We all have people who are important to us, and at some point, we will lose those people. This is one of those awful life truths that you really do not understand until it actually happens to you. It is hard to understand it, until you are actually going through it.
On May 2nd, 1999, My mom, sister, and I were leaving Target in Littleton, Colorado. It was a Sunday, and one of our favorite things to do after church was shop. As we left the parking lot, I asked my mom if we could go visit Duma and Dupa. For those of you who do not know me, Dupa and Dupa are my maternal grandparents, and unlike most grandparents, these people played an almost as vital role in my life that my actual parents did. I lived with them in Switzerland, I traveled Europe and the US with them, my Duma home schooled me (and my cousins and neighborhood friends), and my Dupa would give me flying lessons on any trip we took. I would willingly spend the night at their house over my friends’ houses, as I enjoyed being with them immensely. Even after I stopped being home schooled I would still go to Duma’s house weekly for Spanish lessons. It was a strange week if I did not see them at least twice, and this is not including our weekly Sunday burrito dinners at their home.
As I asked my mom if we could go see them, the clock was at just around 1:00pm. Strange to think that I thought about them at that time…and asked about going to see them even though I very well knew they were away, en route to visit my Aunt Greg and her family in Farmington, New Mexico, because around that time was when their small plane that was piloted by my Dupa went down in the area known as Wolf Creek Pass, in Southern Colorado. I was asking to go see them, and at that moment, it was decided that in this life at least, I would never see them again.
I was 15 years old, and had big plans for myself. So did my Duma and Dupa. They wanted the best for me, and their love and never ending encouragement was a big part of the person I had become, and who I wanted to become. John Lennon once said, “Life is what happens while you are busy making other plans,” and while I was busy making plans that included my wonderful grandparents, life happened. And everything kind of fell apart for me.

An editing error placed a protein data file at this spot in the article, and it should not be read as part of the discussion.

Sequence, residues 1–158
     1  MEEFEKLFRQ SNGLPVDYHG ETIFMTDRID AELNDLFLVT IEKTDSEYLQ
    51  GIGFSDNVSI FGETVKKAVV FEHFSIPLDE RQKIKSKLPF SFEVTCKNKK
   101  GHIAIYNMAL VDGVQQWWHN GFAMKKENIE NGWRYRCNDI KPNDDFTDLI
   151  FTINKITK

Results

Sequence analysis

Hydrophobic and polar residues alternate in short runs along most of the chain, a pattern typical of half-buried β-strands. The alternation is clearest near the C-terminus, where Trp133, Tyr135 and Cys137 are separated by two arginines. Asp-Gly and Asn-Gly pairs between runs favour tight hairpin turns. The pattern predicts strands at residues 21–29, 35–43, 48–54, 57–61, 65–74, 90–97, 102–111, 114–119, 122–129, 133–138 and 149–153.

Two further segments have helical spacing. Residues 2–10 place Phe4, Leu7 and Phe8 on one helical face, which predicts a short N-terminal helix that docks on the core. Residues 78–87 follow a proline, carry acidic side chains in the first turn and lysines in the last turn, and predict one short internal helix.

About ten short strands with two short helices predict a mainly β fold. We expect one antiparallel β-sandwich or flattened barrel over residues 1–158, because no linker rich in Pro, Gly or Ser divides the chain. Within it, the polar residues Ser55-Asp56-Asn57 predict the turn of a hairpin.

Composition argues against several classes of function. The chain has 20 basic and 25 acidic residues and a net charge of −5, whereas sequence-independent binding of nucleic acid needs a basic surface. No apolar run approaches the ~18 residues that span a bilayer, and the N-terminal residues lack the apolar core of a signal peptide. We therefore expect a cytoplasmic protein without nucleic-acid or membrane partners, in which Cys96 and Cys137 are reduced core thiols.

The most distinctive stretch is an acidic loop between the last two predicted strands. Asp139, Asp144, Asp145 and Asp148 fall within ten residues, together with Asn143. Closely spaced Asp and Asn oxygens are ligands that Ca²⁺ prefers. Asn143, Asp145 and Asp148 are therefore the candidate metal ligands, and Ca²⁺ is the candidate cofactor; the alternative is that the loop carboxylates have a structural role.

For days after their plane went missing, we held on to hope that the search and rescue team would find them, covered by blankets (Duma always got cold in-flight) in the plane’s fuselage, surviving off of Duma’s travel boxes of puffed wheat cereal. I think the grandchildren (9 of us back then) all really thought they would survive this, and it would be an amazing story we would talk about for years to come, at birthdays, graduations, weddings, and so on.
It is still a story, and it is a part of all of us that loved and were loved by my Duma and Dupa, but the story did not end the way we wanted it too.
Today, it has been 14 years. Next year, it will be 15…and the year that marks I have lived longer without them than I lived with them. That is a horribly sad thought for me, as I expected (and I think we all did) more time with them. I planned to graduate high school with flying colors, and have Duma walk on stage and give me the lotion smiley face on my hand she would give me every morning after I slept over (she said she would come up on stage at my grad and do that, and I would have let her:) I planned to attend Duke University, where she had attended classes. I planned to be Miss America and change the world. I planned for Duma and Dupa to not only see that, but be an active part of it. Instead, life looked entirely different for me and I ended up kind of just “getting by.” I felt like, what was the point? We are just going to die!
It took me a long time to realize that had my Duma and Dupa had that mind set, their lives would not have been so important to so many. Had they just lived mundane lives because, “what is the point, we are all going to die,” then losing them probably would have not been so damn hard. Now, at age 29 (gasp!) I still sometimes find myself thinking of how my life would have been had they survived that crash, and if they were still here. But they’re not, and they won’t be. So instead of living my life just trying to get by, and just survive, I need to live up to the high expectations that my Duma and Dupa left me with. Because even though they are not with me now, someday, I will be with them where they are. And when I leave this earth for heaven, I want to be remembered and loved and missed like they are, and inspire life, even in death.
I think that is a really great way to keep Duma and Dupa with me, by living life like they never left…because in some ways, they never did.
Till next time.